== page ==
My last article on the end of sanctuarization of the Banque de France’s gold grabbed a lot of attention, drawing over 20 000 readers and getting nearly 500 re-tweets. However, this news hasn’t made it to the main stream media – maybe it sounded too much like a conspiracy theory (a ridiculous accusation, and I challenge anyone to find any trace of that in my eight books; I only use public data and known sources). So let’s get back to this important issue. 

This information – the creation of a gold market between Banque de France and JP Morgan – was dispatched by Reuters on November 12. And there was no accompanying statement to the news, which is a little bizarre, denoting a troubling taste for secrecy. The primary source for Reuters is an article by Sylvie Goulard, second deputy governor of the Banque de France, in the October Alchemist magazine. Since we have free access to it, let’s read it!

First of all, an observation: "Since the 2008 financial crisis, there has been renewed interest in gold from reserve managers. Indeed, gold confirmed its status as a safe haven and also emerged as a very good asset for diversification, given its low correlation to other asset classes." (page 6)." This is so true!

Sylvie Goulard goes on,"Building on its long experience in managing its gold reserves, in 2012, the Banque de France began to extend its range of gold services to reserve managers. In addition to offering custody of physical gold in its vault in Paris, the Banque de France can buy and sell gold on the spot markets for its institutional customers, using its execution expertise."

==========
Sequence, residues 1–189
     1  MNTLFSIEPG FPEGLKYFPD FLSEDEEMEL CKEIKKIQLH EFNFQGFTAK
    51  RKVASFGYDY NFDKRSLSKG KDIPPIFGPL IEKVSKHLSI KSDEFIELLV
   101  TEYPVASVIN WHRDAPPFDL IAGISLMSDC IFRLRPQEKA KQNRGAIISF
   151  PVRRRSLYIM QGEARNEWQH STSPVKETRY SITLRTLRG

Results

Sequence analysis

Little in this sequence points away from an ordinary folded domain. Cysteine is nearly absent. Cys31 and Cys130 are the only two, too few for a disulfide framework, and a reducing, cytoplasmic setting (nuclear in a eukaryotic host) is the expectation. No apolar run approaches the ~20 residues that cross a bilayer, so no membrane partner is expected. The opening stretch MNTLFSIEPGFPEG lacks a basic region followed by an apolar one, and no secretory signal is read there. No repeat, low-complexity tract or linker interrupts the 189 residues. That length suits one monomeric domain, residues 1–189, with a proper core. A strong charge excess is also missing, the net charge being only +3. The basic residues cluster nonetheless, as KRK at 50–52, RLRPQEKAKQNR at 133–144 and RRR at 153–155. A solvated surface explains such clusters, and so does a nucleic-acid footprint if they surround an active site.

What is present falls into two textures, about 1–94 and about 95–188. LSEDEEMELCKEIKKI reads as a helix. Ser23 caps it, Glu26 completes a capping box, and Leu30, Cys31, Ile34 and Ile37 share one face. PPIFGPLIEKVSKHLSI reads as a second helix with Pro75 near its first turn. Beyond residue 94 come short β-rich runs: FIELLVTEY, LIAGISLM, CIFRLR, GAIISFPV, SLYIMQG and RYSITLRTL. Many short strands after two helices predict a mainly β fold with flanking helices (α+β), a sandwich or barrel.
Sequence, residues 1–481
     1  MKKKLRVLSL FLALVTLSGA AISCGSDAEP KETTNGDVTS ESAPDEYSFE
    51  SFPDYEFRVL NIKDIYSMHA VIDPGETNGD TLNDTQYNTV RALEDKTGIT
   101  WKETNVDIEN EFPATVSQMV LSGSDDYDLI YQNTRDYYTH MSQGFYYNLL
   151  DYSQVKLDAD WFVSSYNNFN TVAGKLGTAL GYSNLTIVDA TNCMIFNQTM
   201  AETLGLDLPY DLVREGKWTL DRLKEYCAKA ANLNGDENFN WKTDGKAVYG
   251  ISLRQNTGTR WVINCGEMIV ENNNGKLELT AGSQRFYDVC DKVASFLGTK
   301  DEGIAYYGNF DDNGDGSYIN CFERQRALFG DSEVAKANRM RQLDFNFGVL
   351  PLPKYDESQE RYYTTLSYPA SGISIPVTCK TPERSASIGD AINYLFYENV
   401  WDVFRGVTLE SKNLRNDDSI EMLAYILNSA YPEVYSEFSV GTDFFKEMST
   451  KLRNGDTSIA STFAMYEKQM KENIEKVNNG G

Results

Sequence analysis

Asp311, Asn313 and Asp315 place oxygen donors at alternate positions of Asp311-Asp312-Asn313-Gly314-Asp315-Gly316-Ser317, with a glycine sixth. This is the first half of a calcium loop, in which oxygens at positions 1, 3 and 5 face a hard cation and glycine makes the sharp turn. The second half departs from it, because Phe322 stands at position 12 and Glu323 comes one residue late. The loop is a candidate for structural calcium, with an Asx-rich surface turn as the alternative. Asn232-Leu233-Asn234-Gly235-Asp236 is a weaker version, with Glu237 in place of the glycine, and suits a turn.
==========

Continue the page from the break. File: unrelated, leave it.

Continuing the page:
Announcing the creation of this gold market means they will be offering gold swaps and leases and be no more limited to the spot market.

Said services are being offered to foreign central banks that are already storing all or part of their gold in Banque de France's vaults (the list is kept secret). Is it also the case of Banque de France’s own gold? As Sylvie Goulard explains, "Since 2009, the Banque de France has been engaged in an ambitious programme to upgrade the quality of its gold reserves. The target is to ensure that all its bars comply with LBMA standards so that they can be traded on an international market." It seems very clear to me. 

One must also read this next article, written by Isabelle Strauss-Kahn, former director of the Banque de France. She explains: "I remember having written several memoranda to counter multiple requests from parliament and government members to sell reserves and return the proceeds to the government, which would have been a breach of the principle of non-monetary financing enshrined in most laws of central banks." (page 9). Kudos for her, even though she was unable to stop the sale of 589 tonnes of gold by Nicolas Sarkozy in 2004, which was a disastrous decision. 

Moreover, she points out that, "In June 1999, the SNB decided that half of its 2,590 tonnes of gold reserves were no longer required for monetary purposes." So the SNB has sanctuarized half of its gold reserves... what about Banque de France? That is the question.


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